• 2 years ago

          Nope, this is the A10X, which still used (heavily customised) Imagination.

            • NoOne ButMe
            • 2 years ago

            to much mental focus on the A11, thanks for correction 🙂

        • tipoo
        • 2 years ago

        A11 is all Apple, A10X had a Powervr front end but per David Kanter, was so heavily customized by Apple you could say it was 2/3rds Apple anyways.

        [url<]https://www.realworldtech.com/apple-custom-gpu/[/url<]

    • derFunkenstein
    • 2 years ago

    Y’all are welcome. I bought the 4th gen model this spring for MLB.tv since it’s the only device that can consistently deliver the 60fps streams. PS4 and Xbone really strugle to even maintain 480p for some reason (most likely MLB AM’s app is sucky, not the hardware or even my internet connection).

    Edit: the claims for extra CPU and GPU grunt make sense. The old version was powered by a vanilla A8. If this one is an A10X then it has the iPad Pro’s GPU.

      • tay
      • 2 years ago

      I think there is some back-channel deal that Apple has with content providers and/or network operators. Netflix has consistently been better on AppleTV than any other device until the last couple of years. I mean the hardware is always better than the competition (Ngreedia Sheild excepted), but it isn’t that much better.

        • derFunkenstein
        • 2 years ago

        There might be, but to avoid blackouts I’m using the same DNS-based location-obfuscation service across my devices and the Apple TV is the only one that can consistently do it. I’d think if there’s some sort of infrastructure deal in place that I’d be hurting my streaming quality with that service. (btw the service is Unlocator and I really like it).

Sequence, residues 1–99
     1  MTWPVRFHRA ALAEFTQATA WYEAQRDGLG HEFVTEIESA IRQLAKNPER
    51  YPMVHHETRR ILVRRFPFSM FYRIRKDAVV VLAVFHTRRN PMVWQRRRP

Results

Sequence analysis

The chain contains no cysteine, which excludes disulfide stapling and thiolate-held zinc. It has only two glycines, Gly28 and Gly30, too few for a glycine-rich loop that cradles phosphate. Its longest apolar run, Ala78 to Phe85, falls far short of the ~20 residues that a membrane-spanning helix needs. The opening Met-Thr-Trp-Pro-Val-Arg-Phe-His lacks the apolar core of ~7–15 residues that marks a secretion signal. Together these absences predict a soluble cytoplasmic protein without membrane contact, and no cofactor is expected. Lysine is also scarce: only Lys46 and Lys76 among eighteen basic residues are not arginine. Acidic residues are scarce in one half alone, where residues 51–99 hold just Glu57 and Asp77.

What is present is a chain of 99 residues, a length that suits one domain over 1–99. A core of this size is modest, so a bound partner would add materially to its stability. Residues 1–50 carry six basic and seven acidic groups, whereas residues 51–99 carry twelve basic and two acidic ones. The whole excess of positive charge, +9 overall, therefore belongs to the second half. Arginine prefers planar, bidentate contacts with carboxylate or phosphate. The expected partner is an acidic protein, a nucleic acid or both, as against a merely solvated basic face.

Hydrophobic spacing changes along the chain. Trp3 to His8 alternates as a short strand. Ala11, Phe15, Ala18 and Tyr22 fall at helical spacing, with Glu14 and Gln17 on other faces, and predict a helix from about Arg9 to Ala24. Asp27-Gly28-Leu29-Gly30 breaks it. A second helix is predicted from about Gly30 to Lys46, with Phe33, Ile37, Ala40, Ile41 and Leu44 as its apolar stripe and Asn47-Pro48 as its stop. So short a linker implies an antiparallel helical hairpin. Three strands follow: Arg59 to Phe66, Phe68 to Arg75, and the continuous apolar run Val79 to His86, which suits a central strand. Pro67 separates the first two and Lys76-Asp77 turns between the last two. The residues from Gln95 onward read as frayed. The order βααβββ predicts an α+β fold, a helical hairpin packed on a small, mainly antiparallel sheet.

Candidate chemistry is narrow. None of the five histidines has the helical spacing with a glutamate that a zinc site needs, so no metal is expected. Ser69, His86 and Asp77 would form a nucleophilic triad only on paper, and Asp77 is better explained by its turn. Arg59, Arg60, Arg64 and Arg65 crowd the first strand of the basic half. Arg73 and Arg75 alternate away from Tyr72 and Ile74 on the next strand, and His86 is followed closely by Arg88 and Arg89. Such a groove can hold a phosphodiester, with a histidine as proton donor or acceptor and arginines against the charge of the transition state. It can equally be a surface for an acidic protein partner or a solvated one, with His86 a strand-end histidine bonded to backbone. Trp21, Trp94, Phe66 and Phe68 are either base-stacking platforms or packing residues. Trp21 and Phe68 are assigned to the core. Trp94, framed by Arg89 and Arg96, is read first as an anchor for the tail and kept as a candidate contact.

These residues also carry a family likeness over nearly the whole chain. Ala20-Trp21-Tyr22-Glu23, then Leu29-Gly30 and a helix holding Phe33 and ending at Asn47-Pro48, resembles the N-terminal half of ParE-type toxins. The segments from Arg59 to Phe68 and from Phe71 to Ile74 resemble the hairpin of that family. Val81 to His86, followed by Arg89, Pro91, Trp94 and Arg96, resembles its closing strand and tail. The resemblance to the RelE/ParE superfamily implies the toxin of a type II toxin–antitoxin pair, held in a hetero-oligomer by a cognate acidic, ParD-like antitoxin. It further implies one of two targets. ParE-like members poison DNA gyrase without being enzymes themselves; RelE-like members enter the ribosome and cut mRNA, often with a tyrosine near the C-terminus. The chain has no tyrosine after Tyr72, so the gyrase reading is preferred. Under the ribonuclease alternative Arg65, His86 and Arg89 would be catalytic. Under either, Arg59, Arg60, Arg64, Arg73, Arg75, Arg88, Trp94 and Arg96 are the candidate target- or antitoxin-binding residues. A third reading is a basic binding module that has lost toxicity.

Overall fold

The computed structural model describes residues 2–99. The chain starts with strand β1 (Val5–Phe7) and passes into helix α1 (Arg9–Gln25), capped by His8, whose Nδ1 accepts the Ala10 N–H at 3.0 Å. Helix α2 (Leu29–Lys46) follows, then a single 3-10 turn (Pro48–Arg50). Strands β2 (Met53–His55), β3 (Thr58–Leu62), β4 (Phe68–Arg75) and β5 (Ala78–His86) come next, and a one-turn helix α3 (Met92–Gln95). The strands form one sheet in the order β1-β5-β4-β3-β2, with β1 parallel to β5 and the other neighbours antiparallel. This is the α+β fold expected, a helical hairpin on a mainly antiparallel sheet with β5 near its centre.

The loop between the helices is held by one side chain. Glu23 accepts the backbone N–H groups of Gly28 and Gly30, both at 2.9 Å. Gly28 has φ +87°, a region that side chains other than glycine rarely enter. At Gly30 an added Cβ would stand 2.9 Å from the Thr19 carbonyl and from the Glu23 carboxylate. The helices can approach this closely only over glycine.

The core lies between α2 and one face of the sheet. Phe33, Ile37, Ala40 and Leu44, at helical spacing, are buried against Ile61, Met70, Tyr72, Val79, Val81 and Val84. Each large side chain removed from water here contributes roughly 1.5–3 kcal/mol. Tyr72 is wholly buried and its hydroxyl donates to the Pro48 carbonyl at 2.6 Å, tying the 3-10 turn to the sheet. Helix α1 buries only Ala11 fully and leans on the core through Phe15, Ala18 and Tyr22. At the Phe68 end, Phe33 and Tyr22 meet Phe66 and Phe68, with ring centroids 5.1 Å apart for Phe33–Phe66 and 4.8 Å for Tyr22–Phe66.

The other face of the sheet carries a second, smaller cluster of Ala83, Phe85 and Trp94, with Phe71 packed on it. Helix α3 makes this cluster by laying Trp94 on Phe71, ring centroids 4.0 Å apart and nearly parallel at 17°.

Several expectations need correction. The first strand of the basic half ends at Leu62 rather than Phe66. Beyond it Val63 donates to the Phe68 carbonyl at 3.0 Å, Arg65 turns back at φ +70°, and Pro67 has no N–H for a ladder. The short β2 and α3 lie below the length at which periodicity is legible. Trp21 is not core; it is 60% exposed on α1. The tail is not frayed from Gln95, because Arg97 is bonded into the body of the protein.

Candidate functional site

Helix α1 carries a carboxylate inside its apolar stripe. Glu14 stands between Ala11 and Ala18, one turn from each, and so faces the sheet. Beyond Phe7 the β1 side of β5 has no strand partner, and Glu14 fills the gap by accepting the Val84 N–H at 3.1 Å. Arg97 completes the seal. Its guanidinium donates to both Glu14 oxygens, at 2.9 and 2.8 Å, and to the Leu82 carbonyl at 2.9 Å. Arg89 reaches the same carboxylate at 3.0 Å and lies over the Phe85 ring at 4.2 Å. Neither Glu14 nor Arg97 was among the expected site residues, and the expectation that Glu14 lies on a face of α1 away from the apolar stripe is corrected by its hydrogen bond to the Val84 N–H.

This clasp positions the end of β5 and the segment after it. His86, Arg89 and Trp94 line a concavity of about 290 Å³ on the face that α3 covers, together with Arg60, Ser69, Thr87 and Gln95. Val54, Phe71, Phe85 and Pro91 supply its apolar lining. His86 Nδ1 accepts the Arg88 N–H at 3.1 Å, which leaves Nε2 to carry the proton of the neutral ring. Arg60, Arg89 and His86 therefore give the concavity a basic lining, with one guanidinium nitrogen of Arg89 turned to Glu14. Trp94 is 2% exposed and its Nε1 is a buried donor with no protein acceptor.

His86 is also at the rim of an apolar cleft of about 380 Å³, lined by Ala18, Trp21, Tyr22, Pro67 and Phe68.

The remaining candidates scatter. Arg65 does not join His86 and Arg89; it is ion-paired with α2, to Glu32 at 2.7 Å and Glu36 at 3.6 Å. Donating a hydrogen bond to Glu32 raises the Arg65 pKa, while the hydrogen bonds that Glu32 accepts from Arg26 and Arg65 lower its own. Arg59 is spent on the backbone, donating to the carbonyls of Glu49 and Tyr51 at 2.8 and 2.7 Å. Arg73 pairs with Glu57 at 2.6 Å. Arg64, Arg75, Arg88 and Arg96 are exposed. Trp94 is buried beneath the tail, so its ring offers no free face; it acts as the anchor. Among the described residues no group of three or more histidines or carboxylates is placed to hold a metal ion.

Netflix doesn’t work with the service, but once I dropped Comcast I have had much better luck with 1080p streams.

      • mdkathon
      • 2 years ago

      FYI, I’ve had very good luck with AFTV (2nd Gen both 4K and stick) for MLB.tv. The stick, from time to time has had issues but the AFTV 4K has been solid.

      I found moving to wired Ethernet really helped (durrrr). Also upgrading my okay router (Almond+) to a stand alone BSD (opnsense) box using a i5-3470S really helped out everything on the network. The Almond+ is acting as an AP/zigbee/zwave only device now.

      Both MLB.tv and PS Vue on my PS4 has been really good to, no issues with streams. Though I prefer AFTV due to simple control interface as I don’t have a PS4 remote.

        • derFunkenstein
        • 2 years ago

        Is AFTV Android-based? I was never quite sure what OS those things run. The Android version of MLB.TV uses Android location services to figure out where I am, so those location-obfuscation services don’t work. Same with iOS. tvOS apparently doesn’t have location services built in so the Apple TV works. Nothing from Amazon is listed on the [url=https://unlocator.com/channel/mlb-tv/<]compatibility list[/url<]. All of this could be solved if they would drop blackout restrictions and I'd even be willing to take local ads or pay a bit more for the pleasure.